Explaining Propeller Pitch: Theoretical Vs. Real World

performance boat propellers, cleaver-style propellers on outboards

The pitch is the measurement that describes how far the boat moves during one revolution of the propellers.

The second key feature along with the diameter that defines the size of a propeller is the pitch. Like the diameter, the pitch is measured in inches and it is the one we usually change so as to allow the engine to reach the maximum rpm suggested by the motor manufacturer.


The term “Pitch” stands for the theoretical distance a propeller moves forward when it makes a complete rotation. A propeller with a pitch of 21" (53.34 cm) will travel forward 21” (53.34 cm) in one rotation.

But this is the theoretical distance because in the real world, the propeller “slides” as it rotates, mainly due to the resistances that it has to overcome. The distance traveled is actually less than its nominal pitch indicates. A propeller with a 21” (53.34 cm) pitch doesn’t actually cover a distance of 21” (53.34 cm) in one revolution because of the slip.

propeller pitch theory, propeller pitch diagram

Because a propeller slips in water, it doesn’t cover the theoretical distance.

Blade Runners

All the aforementioned terms describe the same thing. The critical characteristic that will determine how much forward the propeller will move in one complete rotation is the angle of the blades in relation to the hub or body.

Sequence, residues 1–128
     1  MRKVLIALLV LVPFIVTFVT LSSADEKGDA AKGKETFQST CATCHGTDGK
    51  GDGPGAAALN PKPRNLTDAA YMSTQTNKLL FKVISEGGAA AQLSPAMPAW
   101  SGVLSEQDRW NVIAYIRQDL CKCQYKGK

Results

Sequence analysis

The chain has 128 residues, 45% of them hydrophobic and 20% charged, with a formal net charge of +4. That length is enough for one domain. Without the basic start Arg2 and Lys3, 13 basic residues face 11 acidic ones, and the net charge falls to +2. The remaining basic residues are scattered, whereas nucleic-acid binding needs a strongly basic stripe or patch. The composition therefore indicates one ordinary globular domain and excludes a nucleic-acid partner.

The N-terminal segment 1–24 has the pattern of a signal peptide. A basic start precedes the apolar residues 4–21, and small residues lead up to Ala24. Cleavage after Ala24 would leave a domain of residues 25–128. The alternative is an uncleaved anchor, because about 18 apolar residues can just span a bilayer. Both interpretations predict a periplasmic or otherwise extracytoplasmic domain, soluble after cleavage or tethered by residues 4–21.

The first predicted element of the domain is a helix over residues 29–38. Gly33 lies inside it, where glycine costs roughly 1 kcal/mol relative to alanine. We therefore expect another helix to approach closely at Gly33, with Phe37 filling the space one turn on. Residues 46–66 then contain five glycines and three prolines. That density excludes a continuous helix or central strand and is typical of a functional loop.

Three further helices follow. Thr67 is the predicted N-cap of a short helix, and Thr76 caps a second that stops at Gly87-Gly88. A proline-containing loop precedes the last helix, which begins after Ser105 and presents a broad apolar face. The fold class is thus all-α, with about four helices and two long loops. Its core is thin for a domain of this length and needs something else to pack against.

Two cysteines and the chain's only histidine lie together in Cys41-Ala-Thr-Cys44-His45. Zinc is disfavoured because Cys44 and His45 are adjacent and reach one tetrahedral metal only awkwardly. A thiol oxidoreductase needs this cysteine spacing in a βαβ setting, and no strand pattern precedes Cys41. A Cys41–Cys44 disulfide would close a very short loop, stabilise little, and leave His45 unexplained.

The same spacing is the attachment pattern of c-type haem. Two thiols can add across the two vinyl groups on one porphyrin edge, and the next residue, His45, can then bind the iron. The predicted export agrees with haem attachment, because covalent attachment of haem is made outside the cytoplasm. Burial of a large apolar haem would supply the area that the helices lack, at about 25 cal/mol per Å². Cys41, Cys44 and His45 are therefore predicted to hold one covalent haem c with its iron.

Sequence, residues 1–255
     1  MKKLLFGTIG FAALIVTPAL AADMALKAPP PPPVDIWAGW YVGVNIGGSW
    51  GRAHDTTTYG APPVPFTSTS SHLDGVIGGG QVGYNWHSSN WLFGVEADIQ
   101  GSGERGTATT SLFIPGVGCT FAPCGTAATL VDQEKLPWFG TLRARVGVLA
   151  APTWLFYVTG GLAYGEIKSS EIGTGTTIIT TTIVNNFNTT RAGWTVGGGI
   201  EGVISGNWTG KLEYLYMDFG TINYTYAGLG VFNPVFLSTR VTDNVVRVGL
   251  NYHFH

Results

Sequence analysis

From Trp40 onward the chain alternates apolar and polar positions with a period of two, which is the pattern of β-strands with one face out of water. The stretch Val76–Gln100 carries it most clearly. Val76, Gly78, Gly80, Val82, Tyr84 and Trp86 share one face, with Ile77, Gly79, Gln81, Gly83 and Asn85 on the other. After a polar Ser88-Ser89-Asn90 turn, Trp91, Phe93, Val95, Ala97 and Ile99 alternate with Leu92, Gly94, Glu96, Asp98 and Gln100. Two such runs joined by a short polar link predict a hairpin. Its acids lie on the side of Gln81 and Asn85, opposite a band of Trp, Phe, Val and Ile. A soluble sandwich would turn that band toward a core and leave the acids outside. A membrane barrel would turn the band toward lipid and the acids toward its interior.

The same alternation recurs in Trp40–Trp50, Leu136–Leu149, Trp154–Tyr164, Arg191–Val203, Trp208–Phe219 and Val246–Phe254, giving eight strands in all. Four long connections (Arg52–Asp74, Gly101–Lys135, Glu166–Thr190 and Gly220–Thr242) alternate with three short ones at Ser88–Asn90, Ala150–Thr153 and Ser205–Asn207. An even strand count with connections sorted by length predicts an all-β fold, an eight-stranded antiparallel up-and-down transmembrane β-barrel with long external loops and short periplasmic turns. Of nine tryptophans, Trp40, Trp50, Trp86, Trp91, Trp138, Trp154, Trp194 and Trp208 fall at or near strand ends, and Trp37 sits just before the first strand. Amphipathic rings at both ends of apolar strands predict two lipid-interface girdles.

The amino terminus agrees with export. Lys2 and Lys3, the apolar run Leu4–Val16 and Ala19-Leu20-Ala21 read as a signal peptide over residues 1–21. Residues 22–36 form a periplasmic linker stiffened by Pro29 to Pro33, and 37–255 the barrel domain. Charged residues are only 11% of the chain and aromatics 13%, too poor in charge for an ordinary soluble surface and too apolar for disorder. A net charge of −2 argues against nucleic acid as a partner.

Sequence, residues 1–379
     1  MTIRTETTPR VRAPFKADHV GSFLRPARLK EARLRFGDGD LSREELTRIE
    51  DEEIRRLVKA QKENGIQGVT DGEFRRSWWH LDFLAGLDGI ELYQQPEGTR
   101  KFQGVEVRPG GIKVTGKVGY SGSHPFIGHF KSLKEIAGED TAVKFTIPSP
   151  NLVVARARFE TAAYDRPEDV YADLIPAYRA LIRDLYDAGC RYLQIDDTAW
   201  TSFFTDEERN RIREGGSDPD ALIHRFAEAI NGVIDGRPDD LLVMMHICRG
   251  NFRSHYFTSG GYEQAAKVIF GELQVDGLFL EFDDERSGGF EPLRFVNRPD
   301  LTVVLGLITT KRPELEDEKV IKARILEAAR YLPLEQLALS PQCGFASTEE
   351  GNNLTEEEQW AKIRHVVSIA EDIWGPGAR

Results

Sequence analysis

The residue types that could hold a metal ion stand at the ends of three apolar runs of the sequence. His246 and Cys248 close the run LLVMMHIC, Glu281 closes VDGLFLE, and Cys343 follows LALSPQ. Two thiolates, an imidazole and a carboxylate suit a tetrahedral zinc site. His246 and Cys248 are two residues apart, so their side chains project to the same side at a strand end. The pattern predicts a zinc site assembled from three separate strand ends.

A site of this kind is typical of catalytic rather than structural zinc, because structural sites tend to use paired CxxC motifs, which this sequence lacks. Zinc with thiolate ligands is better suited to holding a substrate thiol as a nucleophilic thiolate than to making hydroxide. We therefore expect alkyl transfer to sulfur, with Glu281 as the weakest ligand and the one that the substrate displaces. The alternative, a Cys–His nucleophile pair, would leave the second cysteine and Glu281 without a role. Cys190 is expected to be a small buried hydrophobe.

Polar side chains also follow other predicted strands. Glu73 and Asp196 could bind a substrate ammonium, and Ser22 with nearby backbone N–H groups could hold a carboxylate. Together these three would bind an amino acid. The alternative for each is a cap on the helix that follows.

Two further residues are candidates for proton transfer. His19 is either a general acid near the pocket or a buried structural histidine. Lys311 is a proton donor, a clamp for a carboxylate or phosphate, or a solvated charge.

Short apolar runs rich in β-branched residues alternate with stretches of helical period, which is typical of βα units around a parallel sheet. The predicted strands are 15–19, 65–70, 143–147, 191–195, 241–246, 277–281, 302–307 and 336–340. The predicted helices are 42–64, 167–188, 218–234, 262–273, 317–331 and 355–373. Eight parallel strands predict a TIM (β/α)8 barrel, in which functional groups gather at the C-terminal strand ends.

The angle of each blade is standard and determines:

  • How quickly the propeller will move forward (acceleration) and
  • How far the propeller will go at each rotation (speed).

Both of these effects are inversely proportional to each other. If we accelerate quickly we will not go far, and if we go far will not move quickly. In other words, if we have great acceleration we'll have limited top speed. If we have high top speed we will accelerate moderately. Therefore there is no way to simultaneously have rapid acceleration and the highest speed at the same time.

propeller blade angle, explaining propeller blade angle

The angle of the blade’s leading and trailing edges determine how the propeller will grip the water.

Acceleration Vs. Speed

This is because the greater the blade angle, the more the blades are in parallel with the propeller hub the better their grip will be on the water. The more water is pushed back, the longer distance the boat will go. On the other hand, they will move equally slower because of the greater resistance of the higher amount of water that they are “gripping.”

To make the operation of the angle of the blades with the propeller axis more comprehensible, we can compare the propeller with a screw. The more vertical the threads of the screw are to its head, the greater distance the screw will go into the wood in one full rotation. But it will also be screwed with greater difficulty and will require more power (a heavier load on the screwdriver, or in the case of a propeller, a heavier load on the engine).

Rigid Hull Inflatable Boat, RIB

When the pitch and diameter are correctly predicted, the boat runs at optimum performance.

On the other hand, the more parallel the threads of the screw are to its head, the less distance the screw will cover inside the wood in a single rotation. But it will be screwed more easily because it will require less power (a lighter load on our hand that screws or in the case of the propeller, a lighter load on the engine).

Article Courtesy of